The IIHF World Hockey Championship kicks-off on May 3 and runs until May 19 with the gold medal game that will determine this year’s bragging rights among the sixteen qualifying countries. The Championships are being held jointly in Stockholm and Helsinki.
Latvia will be be playing in Helsinki during the preliminary round with games against Russia (May 4), the United States (May 5), Austria (May 7), Slovakia (May 9), Germany (May 11), France (May 13) and Finland (May 14).
Sweden, the Czech Republic, Canada, Norway, Switzerland, Denmark, Belarus and Slovenia will be squaring off in Stockholm. The top four teams from each group will move on to the play-offs while the bottom four will fight it out for final standings. The bottom two will be relegated. The likely candidates for relegation are among France, Austria and Slovenia however Latvia should not take any team for granted. Belarus would be in that group but as hosts of next year’s championship they automatically qualify.
Even though Latvia has played at the top tier since 1997, the hundreds of Latvian hockey fans who will be rocking the Hartwell Arena in Helsinki can be forgiven going in a bit nervous. This season has had its share of challenges for Latvian hockey. The national team is young and lacking experienced veterans. Most of the players are from with Dinamo Riga. A few others play on other teams in the KHL, Germany and Switzerland. Some toil in lower European leagues. Mārtiņš Karsums, Lauris Dārziņš, Jānis Sprukts and Mārtiņs Cipulis along with youngster Miks Indrasis will be expected to produce up front. Centre is a weak spot. Krišjānis Redlihs, Georgijs Pujacs and Arturs Kulda will anchor the defence. Goaltending will be shared by Kristers Gudļevskis and Māris Jucers. They lack experience although Jucers has stepped in as a back-up for both the national team and Dinamo Riga. Veteran goaltender Edgars Masalskis is coming off an injury and may not be ready for action. Defenceman Oskars Bārtulis and forward Mikelis Redlihs are also injured and will not play. Neither will ageing veteran Sandis Ozoliņš.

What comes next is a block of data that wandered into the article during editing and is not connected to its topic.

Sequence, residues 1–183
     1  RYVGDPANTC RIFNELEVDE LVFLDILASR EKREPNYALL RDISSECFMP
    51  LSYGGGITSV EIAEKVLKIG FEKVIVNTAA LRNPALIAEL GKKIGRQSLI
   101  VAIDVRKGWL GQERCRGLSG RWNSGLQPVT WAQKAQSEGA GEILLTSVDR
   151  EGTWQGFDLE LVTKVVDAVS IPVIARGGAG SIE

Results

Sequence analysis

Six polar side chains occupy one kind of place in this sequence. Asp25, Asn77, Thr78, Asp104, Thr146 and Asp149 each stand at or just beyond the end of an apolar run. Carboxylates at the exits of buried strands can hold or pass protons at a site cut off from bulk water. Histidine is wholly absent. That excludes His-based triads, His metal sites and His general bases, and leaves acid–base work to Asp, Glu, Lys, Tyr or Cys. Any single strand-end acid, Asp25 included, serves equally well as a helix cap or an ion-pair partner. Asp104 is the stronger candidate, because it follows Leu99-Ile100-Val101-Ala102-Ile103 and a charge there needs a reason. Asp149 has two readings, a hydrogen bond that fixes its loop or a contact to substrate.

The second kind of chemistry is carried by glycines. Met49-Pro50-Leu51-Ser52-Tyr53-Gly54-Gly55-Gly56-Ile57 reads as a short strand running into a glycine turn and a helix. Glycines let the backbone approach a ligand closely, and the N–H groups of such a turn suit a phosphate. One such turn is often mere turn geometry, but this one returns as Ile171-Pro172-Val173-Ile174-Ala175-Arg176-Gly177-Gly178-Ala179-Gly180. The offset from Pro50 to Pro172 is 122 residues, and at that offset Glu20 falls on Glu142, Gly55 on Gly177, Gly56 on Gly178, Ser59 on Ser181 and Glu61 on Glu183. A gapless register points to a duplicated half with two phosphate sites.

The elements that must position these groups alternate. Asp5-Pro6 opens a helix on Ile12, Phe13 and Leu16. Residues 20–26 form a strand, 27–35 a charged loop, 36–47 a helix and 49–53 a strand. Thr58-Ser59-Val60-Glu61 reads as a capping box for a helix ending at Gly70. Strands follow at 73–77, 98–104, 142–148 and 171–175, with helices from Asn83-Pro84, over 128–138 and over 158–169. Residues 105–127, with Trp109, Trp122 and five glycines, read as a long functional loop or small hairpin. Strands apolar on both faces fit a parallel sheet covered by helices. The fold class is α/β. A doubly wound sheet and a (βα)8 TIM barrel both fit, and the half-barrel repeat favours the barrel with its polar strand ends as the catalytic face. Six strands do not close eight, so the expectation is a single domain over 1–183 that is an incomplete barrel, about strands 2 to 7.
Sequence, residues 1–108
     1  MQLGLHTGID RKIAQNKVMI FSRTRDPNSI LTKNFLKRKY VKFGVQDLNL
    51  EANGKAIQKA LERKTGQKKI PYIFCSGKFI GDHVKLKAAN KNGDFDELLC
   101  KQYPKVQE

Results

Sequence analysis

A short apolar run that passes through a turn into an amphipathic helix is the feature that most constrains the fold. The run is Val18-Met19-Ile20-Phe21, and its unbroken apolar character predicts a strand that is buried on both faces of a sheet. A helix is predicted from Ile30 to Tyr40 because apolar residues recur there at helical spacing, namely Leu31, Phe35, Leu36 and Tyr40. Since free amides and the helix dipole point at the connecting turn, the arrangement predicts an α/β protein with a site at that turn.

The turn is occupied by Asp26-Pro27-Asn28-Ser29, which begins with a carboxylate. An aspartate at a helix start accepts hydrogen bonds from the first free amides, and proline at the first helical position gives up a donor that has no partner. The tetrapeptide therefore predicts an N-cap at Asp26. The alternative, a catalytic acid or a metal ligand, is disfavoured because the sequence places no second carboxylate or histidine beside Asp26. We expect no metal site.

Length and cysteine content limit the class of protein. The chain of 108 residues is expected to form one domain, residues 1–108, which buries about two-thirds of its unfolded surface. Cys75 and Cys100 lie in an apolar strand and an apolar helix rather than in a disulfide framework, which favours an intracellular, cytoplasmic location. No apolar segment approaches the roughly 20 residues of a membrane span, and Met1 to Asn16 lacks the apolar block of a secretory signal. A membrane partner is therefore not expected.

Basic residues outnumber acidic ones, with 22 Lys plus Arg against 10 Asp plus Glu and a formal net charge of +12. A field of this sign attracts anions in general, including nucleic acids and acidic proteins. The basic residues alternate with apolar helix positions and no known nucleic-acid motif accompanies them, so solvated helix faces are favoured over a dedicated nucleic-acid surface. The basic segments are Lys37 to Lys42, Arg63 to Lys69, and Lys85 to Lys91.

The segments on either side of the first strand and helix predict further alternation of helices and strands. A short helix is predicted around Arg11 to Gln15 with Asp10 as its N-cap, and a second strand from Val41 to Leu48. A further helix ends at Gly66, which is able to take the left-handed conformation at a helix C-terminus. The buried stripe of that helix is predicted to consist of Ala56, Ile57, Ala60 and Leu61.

Head coach Canadian Ted Nolan is back for his second season and has his staff in place. Canadian Tom Coolen and legendary Latvian goaltender Arturs Irbe are assistant coaches. Karlis Zirnis, a former NCAA player and minor leaguer in the United is the video coach. During a series of exhibition games in April leading up to the World Championships, Latvia lost to the Czech Republic, Finland and France but split a two game series with Belarus. To be fair, Nolan did not field the expected final roster in any of the exhibition games but gave some less experienced players a closer look.